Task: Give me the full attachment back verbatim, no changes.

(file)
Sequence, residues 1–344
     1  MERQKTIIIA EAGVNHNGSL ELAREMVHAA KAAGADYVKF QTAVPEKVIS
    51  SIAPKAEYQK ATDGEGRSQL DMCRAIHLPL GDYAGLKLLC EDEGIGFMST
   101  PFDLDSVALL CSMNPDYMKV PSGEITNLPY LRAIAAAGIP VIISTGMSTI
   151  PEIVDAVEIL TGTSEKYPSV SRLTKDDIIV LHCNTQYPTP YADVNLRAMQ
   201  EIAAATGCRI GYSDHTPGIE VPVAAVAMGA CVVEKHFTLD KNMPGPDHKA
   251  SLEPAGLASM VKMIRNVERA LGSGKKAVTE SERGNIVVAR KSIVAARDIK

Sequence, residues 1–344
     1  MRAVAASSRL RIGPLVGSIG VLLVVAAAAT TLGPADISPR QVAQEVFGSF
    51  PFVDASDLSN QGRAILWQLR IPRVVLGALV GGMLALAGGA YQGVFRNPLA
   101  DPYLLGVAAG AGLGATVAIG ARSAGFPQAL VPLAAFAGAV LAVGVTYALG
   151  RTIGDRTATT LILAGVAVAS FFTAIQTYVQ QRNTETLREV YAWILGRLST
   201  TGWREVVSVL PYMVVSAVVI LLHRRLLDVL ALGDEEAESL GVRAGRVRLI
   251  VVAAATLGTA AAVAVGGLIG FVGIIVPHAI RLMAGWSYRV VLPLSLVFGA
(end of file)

Sequence, residues 1–344
     1  MERQKTIIIA EAGVNHNGSL ELAREMVHAA KAAGADYVKF QTAVPEKVIS
    51  SIAPKAEYQK ATDGEGRSQL DMCRAIHLPL GDYAGLKLLC EDEGIGFMST
   101  PFDLDSVALL CSMNPDYMKV PSGEITNLPY LRAIAAAGIP VIISTGMSTI
   151  PEIVDAVEIL TGTSEKYPSV SRLTKDDIIV LHCNTQYPTP YADVNLRAMQ
   201  EIAAATGCRI GYSDHTPGIE VPVAAVAMGA CVVEKHFTLD KNMPGPDHKA
   251  SLEPAGLASM VKMIRNVERA LGSGKKAVTE SERGNIVVAR KSIVAARDIK

Sequence, residues 1–344
     1  MRAVAASSRL RIGPLVGSIG VLLVVAAAAT TLGPADISPR QVAQEVFGSF
    51  PFVDASDLSN QGRAILWQLR IPRVVLGALV GGMLALAGGA YQGVFRNPLA
   101  DPYLLGVAAG AGLGATVAIG ARSAGFPQAL VPLAAFAGAV LAVGVTYALG
   151  RTIGDRTATT LILAGVAVAS FFTAIQTYVQ QRNTETLREV YAWILGRLST
   201  TGWREVVSVL PYMVVSAVVI LLHRRLLDVL ALGDEEAESL GVRAGRVRLI
   251  VVAAATLGTA AAVAVGGLIG FVGIIVPHAI RLMAGWSYRV VLPLSLVFGA